"Behind every great man there's a great woman" has a straightforward literal meaning. The implication behind the saying is that the great woman is often ignored or taken for granted.
Fannie Laib married Samuel Fox in La Porte, Nov. 26, 1869. She was the daughter of Solomon and Sarah (Lang) Laib. Solomon was a liquor dealer and his business was Laib & Son located at 188 South Main. He had been in the tavern business in Philadelphia. At the time of Samuel and Fannie’s wedding, La Porte had a Jewish Synagogue of the B’ne Zion Congregation of La Porte. The temple was located on the northwest corner of Indiana Avenue and First Street (now location of Family Express). This was where they were married.
Fannie was the mother of six sons: Maurice, Herbert W., Arthur Bernard, Robert Charles, Norman J. and Walter S., all born in La Porte.
Fannie was one of the charter members of the Emerson Society. This was a group that banded together to study literature.
Fannie Laib Fox died at French Lick Springs, Indiana on Oct. 26, 1909. Her death was sudden and the physician who was called immediately pronounced it was due to a heart attack. She was initially buried in the B’ne Jewish Cemetery. Her son, Arthur Bernard Fox died at the age of 23 on Oct. 14, 1900 and was also buried here.
In 1924, lots were purchased by the Fox brothers in Pine Lake Cemetery where they had a mausoleum constructed. Fannie, along with Samuel and Arthur were moved to the mausoleum. Since that time, all Fox family members, at time of death, have been placed in the mausoleum — the last being Hallie Carr Fox Alvary in 2003.
Fanny Scott was born Nov. 8, 1877 the daughter of Emmet Hoyt and Mary Relief (Niles) Scott. He had served as Mayor of La Porte, 1890-1894. Fanny graduated from La Porte High School in 1895 and from Smith College in 1900. She returned to La Porte to become a teacher at Interlaken School which was founded by her future husband. On April 2, 1910, she married Edward Aloysius Rumely, the oldest grandson of Meinrad and Theresa (Fierstos) Rumely.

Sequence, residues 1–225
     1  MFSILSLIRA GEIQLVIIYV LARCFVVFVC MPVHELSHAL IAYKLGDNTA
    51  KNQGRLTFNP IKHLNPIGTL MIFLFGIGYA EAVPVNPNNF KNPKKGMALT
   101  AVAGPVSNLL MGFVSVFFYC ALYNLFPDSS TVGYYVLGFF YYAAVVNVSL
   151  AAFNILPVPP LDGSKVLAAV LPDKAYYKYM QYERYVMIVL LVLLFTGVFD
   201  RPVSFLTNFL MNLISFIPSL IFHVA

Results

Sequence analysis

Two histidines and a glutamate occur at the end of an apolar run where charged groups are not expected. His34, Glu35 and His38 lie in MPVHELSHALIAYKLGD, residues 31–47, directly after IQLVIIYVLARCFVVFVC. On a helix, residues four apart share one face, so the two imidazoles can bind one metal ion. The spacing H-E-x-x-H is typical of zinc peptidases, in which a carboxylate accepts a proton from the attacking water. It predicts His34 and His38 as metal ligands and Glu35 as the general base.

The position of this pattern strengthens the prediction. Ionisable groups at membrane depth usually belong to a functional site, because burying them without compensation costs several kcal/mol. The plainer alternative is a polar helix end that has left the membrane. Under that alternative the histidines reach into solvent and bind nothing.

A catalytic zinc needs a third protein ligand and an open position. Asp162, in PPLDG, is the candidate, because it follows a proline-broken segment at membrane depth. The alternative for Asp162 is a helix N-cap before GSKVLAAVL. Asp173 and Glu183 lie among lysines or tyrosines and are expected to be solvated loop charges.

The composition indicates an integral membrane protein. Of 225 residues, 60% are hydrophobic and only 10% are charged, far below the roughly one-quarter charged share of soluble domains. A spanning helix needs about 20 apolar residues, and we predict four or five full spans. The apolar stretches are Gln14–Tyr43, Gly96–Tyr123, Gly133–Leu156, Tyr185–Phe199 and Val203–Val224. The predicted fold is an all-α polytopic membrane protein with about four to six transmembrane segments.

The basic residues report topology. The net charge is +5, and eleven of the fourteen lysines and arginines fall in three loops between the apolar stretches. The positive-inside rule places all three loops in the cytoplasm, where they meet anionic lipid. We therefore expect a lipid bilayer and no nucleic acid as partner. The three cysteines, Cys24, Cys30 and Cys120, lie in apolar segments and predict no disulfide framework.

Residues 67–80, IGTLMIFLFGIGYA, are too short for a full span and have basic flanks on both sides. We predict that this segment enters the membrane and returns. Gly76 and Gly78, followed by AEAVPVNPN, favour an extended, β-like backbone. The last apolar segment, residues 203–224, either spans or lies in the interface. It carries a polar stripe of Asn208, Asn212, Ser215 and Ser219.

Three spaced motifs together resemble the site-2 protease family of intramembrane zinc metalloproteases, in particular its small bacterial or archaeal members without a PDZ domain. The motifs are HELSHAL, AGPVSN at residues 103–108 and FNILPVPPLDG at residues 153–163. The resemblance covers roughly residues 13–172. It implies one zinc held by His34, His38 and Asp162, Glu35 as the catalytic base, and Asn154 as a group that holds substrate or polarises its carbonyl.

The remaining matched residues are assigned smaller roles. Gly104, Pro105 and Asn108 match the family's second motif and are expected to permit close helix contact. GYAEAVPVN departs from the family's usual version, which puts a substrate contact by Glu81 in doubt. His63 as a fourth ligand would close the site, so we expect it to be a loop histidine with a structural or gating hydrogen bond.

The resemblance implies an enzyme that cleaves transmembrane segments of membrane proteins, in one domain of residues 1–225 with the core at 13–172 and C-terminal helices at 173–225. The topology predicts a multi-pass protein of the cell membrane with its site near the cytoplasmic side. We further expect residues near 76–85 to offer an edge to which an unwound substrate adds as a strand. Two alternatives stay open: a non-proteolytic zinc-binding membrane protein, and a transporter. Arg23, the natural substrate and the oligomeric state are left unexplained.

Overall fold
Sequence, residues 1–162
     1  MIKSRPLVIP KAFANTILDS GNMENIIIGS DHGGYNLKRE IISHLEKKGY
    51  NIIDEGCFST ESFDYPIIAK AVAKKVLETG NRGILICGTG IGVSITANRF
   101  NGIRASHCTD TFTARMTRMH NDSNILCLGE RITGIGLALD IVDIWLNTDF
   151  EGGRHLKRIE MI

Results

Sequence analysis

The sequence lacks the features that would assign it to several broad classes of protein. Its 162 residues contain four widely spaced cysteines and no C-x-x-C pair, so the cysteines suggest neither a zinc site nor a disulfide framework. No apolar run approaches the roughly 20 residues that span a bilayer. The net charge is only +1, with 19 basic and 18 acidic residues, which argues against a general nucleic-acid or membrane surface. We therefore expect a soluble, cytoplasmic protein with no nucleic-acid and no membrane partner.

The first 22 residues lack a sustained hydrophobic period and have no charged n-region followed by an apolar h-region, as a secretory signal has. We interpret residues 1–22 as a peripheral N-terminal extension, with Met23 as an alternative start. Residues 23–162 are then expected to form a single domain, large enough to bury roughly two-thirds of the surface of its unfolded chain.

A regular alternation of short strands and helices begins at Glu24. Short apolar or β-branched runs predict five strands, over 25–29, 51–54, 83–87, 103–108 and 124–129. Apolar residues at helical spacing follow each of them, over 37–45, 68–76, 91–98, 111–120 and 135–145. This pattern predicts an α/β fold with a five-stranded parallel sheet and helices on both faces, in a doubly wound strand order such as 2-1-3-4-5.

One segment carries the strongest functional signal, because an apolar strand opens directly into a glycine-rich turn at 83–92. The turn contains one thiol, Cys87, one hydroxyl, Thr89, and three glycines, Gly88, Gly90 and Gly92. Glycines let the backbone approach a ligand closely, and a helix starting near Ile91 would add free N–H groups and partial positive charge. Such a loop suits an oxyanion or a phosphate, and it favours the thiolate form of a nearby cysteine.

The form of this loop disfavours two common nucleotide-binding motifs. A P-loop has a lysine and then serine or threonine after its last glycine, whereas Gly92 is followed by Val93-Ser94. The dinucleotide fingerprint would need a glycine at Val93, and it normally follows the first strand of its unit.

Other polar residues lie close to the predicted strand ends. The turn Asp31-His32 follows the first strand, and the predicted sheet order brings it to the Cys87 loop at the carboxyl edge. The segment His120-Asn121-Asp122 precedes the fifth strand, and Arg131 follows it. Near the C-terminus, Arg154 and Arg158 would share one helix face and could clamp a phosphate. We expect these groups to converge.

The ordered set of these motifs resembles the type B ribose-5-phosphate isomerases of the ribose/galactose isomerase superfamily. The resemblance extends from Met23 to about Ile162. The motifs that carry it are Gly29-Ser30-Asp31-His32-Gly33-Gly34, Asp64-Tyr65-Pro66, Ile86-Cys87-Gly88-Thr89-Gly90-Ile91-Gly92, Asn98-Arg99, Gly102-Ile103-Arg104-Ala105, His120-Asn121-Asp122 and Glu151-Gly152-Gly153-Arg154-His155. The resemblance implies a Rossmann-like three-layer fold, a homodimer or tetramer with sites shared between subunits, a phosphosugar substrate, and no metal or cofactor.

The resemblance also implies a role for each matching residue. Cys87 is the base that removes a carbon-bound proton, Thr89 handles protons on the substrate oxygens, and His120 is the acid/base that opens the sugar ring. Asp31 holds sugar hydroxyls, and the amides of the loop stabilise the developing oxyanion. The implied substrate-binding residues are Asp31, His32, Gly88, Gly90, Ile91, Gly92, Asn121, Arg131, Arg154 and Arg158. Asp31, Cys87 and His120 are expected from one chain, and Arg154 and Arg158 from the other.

She was an active member of the O.N.T. Club (Our Night Together). This organization might be considered the predecessor of today’s La Porte Little Theatre group. Many roles were attempted as confidence grew. Fanny was considered an outstanding participant. She framed the constitution and by-laws of the Amateur Music Club. Scott Field was a donation of Fanny and her father to the school city for a children’s playground as a memorial to their parents. They thought that “in an open field there would be no danger from autos harming the little ones”.
Fanny Scott Rumely, died on March 7, 1979 and is buried in Pine Lake Cemetery on the Maple Hill Section.
Fannie B. Higgins was born in La Porte on Oct. 26, 1868 to William C. and Harriet June (Place) Higgins. She attended school in La Porte and was married in La Porte in October 1897 to Abram Sommerfield. He operated a livery business in La Porte.
Fannie’s father was one of the early teachers and later for many years practiced law. One of Fannie’s many charities was the Red Cross. She was a life member of the board at the Ruth Sabin Home and an original member of the board of the La Porte Civic Auditorium. She assisted in the organization of the Women’s Organization which operated the Bay Tree Inn for years. During World War I, she directed production work including surgical dressings for the local Red Cross. She helped established a hospital at Hudson Lake when the flu epidemic spread. She continued her Red Cross work through World War II.
Fannie met a tragic death at the hands of a would-be burglar on Jan. 14, 1961 in her home at 716 Teegarden St. It was reported that the primary suspect in the case never served time, due to a number of “unfortunate circumstances”. She is buried beside Abram in Pine Lake Cemetery in the Maple Hill Section.
This is just a sampling of the attributes of these three Fannies. They are just examples as La Porte County had many more to offer.
La Porte County Historian FERN EDDY SCHULTZ can be contacted at firstname.lastname@example.org.